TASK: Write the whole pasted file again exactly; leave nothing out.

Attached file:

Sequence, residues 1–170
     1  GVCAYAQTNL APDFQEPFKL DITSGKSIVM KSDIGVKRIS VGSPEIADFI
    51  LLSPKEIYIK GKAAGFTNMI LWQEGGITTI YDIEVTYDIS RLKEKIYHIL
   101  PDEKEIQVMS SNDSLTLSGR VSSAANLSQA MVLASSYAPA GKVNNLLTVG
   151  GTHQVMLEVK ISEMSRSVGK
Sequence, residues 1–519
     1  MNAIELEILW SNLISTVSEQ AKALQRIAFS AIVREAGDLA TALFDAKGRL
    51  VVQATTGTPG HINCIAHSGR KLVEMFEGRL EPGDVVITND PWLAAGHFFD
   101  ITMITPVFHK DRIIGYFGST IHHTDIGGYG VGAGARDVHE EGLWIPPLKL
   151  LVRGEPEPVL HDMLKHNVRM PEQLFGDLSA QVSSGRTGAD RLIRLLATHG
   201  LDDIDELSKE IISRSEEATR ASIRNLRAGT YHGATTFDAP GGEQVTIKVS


Sequence, residues 1–170
     1  GVCAYAQTNL APDFQEPFKL DITSGKSIVM KSDIGVKRIS VGSPEIADFI
    51  LLSPKEIYIK GKAAGFTNMI LWQEGGITTI YDIEVTYDIS RLKEKIYHIL
   101  PDEKEIQVMS SNDSLTLSGR VSSAANLSQA MVLASSYAPA GKVNNLLTVG
   151  GTHQVMLEVK ISEMSRSVGK
Sequence, residues 1–519
     1  MNAIELEILW SNLISTVSEQ AKALQRIAFS AIVREAGDLA TALFDAKGRL
    51  VVQATTGTPG HINCIAHSGR KLVEMFEGRL EPGDVVITND PWLAAGHFFD
   101  ITMITPVFHK DRIIGYFGST IHHTDIGGYG VGAGARDVHE EGLWIPPLKL
   151  LVRGEPEPVL HDMLKHNVRM PEQLFGDLSA QVSSGRTGAD RLIRLLATHG
   201  LDDIDELSKE IISRSEEATR ASIRNLRAGT YHGATTFDAP GGEQVTIKVS